Key takeaways of 2024 China food security law - NEW

Key takeaways of 2024 China food security law - NEW


Key takeaways of 2024 China food security law - NEWThe central theme of 2024 China food security law is to achieve “absolute self-sufficiency" in staple grains, put down the amount of dependency overseas purchases. From central to local government, to agricultural industry take on more responsibilities toward achieving “absolute self-sufficiency", to raise food production. Look at this recent reporting from World Grain

The law provides a legal framework for existing guidance by the Communist Party for local governments and the agricultural industry to raise food production, although it did not give details on how the law will be implemented. It includes protection of farmland from being converted to other uses, protecting germplasm resources and preventing wastage.

Passed just six months after its first reading, the rush to adopt the food security law reflects China's urgency to resolve issues that have curbed production, such as a lack of arable land and water resources, labor shortages and a lack of agriculture technology.

The law holds central and provincial governments accountable for incorporating food security into their economic and development plans, ensuring that food supply remains a top priority in the country that has a painful history of famine.

The party will lead the implementation of a national food security strategy "that puts China first" by importing moderately and using advances in science and technology to boost production, according to a provision in the law.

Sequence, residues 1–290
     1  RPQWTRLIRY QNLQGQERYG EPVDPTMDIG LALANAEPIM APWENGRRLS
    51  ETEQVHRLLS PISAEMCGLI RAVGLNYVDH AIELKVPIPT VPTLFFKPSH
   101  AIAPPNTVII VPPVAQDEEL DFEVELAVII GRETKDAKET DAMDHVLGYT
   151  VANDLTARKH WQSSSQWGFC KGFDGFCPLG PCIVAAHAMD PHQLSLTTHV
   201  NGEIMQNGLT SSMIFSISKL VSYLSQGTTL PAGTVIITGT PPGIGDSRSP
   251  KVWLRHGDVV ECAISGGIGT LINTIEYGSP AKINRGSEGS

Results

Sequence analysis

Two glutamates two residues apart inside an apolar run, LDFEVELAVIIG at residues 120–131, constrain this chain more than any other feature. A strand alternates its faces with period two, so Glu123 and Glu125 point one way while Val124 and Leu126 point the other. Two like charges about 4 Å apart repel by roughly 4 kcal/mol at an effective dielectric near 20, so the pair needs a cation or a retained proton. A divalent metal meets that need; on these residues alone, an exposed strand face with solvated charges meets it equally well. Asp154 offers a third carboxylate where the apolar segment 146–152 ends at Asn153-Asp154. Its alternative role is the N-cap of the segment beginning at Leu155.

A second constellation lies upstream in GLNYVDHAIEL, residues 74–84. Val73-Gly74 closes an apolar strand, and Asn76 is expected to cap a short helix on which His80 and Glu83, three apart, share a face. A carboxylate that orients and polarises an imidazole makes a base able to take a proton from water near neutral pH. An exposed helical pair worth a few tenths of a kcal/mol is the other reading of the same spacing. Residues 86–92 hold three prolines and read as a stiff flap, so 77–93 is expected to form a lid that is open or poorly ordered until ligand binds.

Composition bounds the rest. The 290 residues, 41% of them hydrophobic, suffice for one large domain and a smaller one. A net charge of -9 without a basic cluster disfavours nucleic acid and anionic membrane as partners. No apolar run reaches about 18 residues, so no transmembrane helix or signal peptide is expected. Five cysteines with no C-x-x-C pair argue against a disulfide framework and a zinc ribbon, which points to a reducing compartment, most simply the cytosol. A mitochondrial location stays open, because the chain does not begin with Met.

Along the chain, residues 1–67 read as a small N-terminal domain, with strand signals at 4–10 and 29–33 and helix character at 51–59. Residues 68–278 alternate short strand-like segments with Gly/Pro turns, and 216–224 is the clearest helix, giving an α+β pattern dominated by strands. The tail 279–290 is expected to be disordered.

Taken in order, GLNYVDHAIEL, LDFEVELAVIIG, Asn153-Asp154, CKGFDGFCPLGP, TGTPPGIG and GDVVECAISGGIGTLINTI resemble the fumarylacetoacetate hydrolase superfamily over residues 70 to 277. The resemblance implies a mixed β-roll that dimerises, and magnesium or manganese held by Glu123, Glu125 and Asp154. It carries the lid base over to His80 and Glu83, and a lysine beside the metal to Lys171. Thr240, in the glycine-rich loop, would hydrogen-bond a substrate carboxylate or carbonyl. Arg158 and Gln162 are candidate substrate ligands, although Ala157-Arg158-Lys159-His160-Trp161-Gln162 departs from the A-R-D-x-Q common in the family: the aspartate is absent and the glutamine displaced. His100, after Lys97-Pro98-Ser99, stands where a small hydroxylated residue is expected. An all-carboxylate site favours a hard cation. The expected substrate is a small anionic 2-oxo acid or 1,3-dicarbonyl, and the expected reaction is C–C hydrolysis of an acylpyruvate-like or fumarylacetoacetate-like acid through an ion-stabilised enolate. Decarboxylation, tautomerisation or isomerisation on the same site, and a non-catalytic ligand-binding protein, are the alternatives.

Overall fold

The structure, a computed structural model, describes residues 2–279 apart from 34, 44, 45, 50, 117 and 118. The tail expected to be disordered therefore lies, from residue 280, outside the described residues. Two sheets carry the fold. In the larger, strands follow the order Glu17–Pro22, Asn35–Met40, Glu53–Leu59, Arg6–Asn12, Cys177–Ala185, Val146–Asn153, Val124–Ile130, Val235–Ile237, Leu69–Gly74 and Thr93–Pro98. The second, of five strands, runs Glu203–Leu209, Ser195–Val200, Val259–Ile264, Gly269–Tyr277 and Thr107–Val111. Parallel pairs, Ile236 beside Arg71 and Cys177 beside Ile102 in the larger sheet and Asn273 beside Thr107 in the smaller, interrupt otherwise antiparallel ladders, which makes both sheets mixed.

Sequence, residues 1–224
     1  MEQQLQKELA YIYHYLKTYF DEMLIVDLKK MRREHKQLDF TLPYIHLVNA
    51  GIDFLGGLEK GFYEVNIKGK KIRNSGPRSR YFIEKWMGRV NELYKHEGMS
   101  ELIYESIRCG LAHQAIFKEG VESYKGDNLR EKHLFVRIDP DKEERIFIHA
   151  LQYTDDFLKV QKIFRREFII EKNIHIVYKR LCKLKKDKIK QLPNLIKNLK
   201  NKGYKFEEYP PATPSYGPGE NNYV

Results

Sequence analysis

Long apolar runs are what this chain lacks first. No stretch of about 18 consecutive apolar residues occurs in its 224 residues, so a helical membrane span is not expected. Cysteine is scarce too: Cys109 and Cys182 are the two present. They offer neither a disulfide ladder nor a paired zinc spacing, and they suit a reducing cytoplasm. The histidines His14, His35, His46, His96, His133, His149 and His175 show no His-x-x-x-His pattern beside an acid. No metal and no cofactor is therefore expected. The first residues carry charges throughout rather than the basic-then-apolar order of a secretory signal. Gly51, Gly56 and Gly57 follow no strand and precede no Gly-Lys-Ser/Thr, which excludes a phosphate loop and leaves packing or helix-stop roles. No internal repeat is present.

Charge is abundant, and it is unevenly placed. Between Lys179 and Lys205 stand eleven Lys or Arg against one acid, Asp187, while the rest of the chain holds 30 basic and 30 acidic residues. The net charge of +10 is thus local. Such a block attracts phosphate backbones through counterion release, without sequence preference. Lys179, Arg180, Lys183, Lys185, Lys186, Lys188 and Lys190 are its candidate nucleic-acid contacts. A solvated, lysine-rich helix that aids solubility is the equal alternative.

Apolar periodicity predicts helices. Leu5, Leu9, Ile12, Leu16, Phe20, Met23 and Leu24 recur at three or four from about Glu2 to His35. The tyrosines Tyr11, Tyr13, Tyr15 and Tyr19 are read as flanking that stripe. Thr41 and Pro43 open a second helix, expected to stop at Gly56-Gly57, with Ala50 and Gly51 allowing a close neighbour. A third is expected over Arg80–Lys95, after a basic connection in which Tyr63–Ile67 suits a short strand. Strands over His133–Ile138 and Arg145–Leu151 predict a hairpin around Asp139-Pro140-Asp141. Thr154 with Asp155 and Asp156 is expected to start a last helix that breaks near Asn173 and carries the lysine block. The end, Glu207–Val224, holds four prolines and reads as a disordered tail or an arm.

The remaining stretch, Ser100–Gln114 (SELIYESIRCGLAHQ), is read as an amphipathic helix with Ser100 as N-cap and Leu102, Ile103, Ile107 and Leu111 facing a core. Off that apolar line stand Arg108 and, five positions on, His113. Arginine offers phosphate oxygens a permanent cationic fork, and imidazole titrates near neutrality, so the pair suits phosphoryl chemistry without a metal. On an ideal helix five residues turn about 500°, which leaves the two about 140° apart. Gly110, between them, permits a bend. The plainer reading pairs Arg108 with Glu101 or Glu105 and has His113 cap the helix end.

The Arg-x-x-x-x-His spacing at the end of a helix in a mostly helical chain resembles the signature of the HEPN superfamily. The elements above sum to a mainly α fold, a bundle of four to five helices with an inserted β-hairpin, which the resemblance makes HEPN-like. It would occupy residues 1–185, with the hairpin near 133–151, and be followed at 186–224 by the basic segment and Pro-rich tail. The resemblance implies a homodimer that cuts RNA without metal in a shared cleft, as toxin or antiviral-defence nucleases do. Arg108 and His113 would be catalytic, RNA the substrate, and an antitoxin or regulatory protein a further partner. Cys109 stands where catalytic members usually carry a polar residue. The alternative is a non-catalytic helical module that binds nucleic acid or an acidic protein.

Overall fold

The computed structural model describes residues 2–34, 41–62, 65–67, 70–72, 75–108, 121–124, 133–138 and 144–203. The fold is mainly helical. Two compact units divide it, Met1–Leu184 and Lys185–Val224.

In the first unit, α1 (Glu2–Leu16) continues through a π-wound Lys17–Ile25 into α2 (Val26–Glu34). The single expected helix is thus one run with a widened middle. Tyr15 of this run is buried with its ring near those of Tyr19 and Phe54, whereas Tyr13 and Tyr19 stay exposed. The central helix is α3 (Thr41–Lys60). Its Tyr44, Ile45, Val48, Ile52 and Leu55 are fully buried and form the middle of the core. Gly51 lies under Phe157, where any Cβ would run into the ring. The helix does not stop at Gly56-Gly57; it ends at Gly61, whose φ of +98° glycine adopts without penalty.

"It shall adhere to the principle of storing grain in the ground and using technology to improve grain production," it said, to ensure "basic self-sufficiency in cereal grains and absolute self-sufficiency in staple grains for food use." 

It also stipulates the formation of a national grain emergency plan and a food security monitoring system.

China expanded the definition of "coarse grains" to include millets and oats, in addition to sorghum, barley, buckwheat, mung beans and potatoes. Grains refers to wheat, rice, corn, soybeans and coarse grains. The law also said China will "strengthen international food security cooperation and allow international grain trade to play its role." It did not give details...…See more from world grain here

Key takeaways of 2024 China food security law - NEW

Key takeaways of 2024 China's food security law 

Began taking effect on Saturday, 1 June 2024; Intended to ensure the supply of grain and related products. 

From central to local authorities, including agricultural sector at all levels do take its responsibilities to ensure “absolute self-sufficiency". 

The level of alter is clearer from “basic self-sufficiency” in the past years, till today in 2024, it heightened to “absolute self-sufficiency” in grains and absolute security of staple foods. 

In addition, China must ensure the supply of other critical food products including meat, milk, sugar, and oil.

With climate change and a dependence on imports that pose challenges to China food supply. 2024 China's food security law (NEW) explained in higher level toward archiving “absolute self-sufficiency" in grains and staple foods.

Key takeaways of 2024 China food security law - NEW

What it means for global suppliers of agricultural products to China? 

China is one of the largest and fastest-growing agricultural markets in the world. With a population of over 1.4 billion people and a rapidly expanding middle class, the demand for food and agricultural products in China is on the rise. This presents challenges and unique opportunities for producers and suppliers to tap into this lucrative market and expand their business.